$49 for a portrait package (a $300 value)
- One-hour in-studio or on-location portrait session (a $100 value)
- One 11”x14” print (a $200 value)
Additional prints will be available at a 10% discount.
Lighting: The Key to a Good Portrait
To capture you at your best, photographers must work with a fickle apprentice—light. Check out Groupon's overview of the ways that light makes you look good.
Shadows enveloping your neck. A double chin that shouldn’t be there. Blemishes on the forehead rather than your favorite hat. Every amateur photographer has suffered the ill effects of bad lighting. Professionals, however, understand the virtues of proper lighting in bringing out the best of their subjects, whether within the controlled world of the studio or out amid the unpredictable mercy of the outdoors.
In a studio, photographers employ a set of tools that ensures light only hits their subjects in the most flattering ways. Depending on how the subject and photographer want photos to look, shadows can either mar an otherwise great shot—by emphasizing wrinkles and imperfections—or add drama, texture, and dimension through the highlighted contrast. They can reduce the contrast by using a broad light source, which spreads the rays out over multiple directions, or soften the light with an effect—similar to the way clouds make sunlight less intense—known as diffusion. Photographers may also use multiple synchronized flashes to hit many angles at once, reducing contrast, or light subjects from a specific angle—in general, more texture and detail is visible when the light hits a subject at a greater angle, and longer, more angular shadows can add extraordinary depth to an otherwise two-dimensional portrait.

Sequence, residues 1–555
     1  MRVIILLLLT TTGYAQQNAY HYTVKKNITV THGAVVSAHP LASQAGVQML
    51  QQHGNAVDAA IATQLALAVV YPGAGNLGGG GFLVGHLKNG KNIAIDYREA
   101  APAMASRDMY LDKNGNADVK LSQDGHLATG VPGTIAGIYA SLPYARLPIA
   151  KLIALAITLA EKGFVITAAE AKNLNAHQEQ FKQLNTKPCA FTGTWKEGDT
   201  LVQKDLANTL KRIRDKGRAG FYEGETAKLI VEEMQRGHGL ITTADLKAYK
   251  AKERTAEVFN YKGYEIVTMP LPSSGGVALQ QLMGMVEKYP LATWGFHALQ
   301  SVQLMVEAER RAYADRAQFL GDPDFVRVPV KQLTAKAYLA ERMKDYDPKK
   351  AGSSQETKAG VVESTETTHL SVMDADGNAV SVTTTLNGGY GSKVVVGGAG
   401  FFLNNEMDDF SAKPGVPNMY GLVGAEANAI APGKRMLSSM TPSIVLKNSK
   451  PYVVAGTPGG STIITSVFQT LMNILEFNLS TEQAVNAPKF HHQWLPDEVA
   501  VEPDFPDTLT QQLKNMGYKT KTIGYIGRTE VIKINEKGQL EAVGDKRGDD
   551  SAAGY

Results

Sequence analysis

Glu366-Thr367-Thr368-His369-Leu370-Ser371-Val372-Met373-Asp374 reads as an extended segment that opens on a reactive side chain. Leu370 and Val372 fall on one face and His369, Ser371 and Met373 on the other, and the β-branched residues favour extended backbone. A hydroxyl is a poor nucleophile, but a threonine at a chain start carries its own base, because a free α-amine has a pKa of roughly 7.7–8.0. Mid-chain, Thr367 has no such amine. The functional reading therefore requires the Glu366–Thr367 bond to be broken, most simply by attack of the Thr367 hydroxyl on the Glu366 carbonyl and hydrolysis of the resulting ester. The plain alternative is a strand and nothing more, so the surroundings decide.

Obviously, outdoor shoots allow for less control over the light, but some techniques from the studio still work. Collapsible diffusers, for instance, help mitigate direct sunlight, and holding a reflector under the subject's face can help rid it of any glaring shadows. The most effective tool, however, is often good planning. A photographer may decide to schedule a shoot for a specific time of day to take advantage of more flattering lighting or to ensure they won't be shooting directly into the sun at a specific location—in which case they'll have to pay Apollo's exorbitant royalties.